I am not much of a wordsmith but I hit one today at work. Someone came to ask me about a word choice used in a presentation to see if it makes sense.

“While NYSE and Nasdaq average trade sizes decline monotonically”

“I do not think it means, what you think it means.” ~Inigo Montoya

Merrian-Webster On-line dictionary
1) characterized by the use of or uttered in a monotone
2) having the property either of never increasing or of never decreasing as the values of the independent variable or the subscripts of the terms increase [monotonic functions][a monotonic sequence]

This would mean that something can’t decline monotonically. The rate of decline could be monotonically. It could decline steadily.

The person who wrote this is a Managing Director (i.e. one of the big wigs) and I think has english as a second language. Guess what is being produced in the presentation…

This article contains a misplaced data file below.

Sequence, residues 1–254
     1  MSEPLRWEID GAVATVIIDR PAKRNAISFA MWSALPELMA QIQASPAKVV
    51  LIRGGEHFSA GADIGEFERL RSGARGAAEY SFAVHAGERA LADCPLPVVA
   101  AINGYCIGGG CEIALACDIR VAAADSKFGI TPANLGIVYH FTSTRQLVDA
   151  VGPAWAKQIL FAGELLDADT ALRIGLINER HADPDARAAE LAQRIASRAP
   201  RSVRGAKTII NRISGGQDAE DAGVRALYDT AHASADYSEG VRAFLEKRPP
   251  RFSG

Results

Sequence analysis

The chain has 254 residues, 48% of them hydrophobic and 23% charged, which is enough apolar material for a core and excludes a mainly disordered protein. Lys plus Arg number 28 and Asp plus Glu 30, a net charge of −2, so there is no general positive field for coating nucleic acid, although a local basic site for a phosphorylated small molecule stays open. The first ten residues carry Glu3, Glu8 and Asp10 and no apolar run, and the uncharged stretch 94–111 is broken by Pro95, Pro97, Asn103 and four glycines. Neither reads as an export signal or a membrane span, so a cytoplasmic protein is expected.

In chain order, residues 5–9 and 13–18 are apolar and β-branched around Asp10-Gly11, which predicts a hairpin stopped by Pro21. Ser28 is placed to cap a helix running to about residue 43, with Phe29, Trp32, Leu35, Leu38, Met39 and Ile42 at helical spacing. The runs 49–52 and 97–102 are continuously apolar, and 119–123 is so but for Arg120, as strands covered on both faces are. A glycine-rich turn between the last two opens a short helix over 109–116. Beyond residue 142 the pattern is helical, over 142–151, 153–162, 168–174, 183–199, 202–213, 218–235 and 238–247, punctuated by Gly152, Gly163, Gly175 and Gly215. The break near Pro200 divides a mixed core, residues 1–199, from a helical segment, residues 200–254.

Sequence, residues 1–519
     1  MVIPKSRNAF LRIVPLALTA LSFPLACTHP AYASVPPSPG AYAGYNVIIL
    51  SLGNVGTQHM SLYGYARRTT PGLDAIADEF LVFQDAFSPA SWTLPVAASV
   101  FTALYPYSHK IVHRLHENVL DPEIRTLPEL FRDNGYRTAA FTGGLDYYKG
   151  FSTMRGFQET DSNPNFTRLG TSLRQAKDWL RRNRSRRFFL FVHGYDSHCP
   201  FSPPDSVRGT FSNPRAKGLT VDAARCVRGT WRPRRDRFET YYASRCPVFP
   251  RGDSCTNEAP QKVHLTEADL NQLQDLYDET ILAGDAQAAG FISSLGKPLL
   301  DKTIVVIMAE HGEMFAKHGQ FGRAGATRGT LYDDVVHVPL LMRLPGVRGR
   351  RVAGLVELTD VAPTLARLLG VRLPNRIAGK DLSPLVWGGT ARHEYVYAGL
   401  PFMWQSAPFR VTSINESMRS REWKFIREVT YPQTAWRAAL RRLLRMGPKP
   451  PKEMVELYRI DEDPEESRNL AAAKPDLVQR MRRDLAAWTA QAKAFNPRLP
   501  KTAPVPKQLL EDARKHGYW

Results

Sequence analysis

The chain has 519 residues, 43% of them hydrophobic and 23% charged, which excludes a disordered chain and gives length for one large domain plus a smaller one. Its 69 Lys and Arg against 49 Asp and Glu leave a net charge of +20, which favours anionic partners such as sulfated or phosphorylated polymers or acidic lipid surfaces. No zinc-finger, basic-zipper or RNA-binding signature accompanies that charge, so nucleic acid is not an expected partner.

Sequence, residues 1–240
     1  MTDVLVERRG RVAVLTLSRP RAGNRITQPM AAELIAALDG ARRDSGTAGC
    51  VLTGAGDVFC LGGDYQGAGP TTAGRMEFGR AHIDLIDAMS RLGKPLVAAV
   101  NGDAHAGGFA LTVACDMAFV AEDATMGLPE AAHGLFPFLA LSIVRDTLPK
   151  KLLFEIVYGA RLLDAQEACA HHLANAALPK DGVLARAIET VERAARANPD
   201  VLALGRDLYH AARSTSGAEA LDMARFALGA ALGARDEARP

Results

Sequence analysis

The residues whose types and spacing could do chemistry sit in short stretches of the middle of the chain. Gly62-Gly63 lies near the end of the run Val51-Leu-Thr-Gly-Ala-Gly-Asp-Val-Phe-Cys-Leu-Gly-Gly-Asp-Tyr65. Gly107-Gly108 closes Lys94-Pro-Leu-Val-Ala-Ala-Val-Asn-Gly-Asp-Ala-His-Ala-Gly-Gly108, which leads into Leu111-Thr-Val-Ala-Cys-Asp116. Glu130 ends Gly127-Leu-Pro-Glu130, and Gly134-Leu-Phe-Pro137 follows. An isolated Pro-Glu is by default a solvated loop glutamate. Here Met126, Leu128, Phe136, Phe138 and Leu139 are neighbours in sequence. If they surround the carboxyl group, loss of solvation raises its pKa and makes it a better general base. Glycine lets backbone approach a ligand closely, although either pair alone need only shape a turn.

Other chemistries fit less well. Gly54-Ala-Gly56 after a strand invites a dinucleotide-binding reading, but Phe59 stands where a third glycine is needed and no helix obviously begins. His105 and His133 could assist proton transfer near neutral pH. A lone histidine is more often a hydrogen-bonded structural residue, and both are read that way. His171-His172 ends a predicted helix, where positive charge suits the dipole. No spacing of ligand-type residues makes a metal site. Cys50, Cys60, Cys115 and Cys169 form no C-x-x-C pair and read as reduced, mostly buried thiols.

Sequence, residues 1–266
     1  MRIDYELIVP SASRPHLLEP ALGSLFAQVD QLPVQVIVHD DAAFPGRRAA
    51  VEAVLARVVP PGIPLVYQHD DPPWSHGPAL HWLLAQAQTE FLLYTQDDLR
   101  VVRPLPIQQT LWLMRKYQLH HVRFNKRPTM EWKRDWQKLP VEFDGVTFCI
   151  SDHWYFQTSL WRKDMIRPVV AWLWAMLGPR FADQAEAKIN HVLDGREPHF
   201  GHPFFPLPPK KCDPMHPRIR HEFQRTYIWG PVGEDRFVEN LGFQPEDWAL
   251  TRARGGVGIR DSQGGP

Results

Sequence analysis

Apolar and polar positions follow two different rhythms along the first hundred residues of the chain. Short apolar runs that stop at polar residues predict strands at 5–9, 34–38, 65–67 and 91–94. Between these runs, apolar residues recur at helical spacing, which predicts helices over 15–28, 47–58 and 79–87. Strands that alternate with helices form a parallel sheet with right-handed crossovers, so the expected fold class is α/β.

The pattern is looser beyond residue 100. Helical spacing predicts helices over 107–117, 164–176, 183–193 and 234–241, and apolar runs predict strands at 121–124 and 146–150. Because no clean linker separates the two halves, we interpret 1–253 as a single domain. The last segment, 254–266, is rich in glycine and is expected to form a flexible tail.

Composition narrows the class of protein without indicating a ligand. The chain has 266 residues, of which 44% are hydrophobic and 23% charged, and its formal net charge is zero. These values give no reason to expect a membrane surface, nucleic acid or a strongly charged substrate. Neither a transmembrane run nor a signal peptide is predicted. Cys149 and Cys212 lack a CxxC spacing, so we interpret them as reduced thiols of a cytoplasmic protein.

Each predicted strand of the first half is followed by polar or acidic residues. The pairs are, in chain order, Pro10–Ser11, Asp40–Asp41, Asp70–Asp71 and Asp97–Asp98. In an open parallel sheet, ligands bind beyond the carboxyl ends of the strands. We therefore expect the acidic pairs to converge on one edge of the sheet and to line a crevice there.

We are keeping copies to giggle over.

3 thoughts on “Words

  1. In math, though, “monotonically decreasing” is a common term to mean “always gets lower or stays the same, never goes up.” (Or maybe “always gets lower, never stays the same or goes up.” I’m seeing conflicting definitions in reputable web sources.)

    It’s probably not a good idea to use that in a presentation to non-technical people, since you’re totally right – anyone who’s familiar with the normal definition of monotone meaning flat will be hopelessly confused.

  2. What fyfer said. Trade sizes can decline monotonically. That means that they never get larger.

    Methinks you’re a better wordsmith than mathematician.

  3. Well, the average trade sizes *could* decline monotonically, but that would mean they could never again get larger.

    But yes, “decline steadily” is probably what he meant.

    He did use the word correctly, though, or at least in the same way that mathematicians generally use it.

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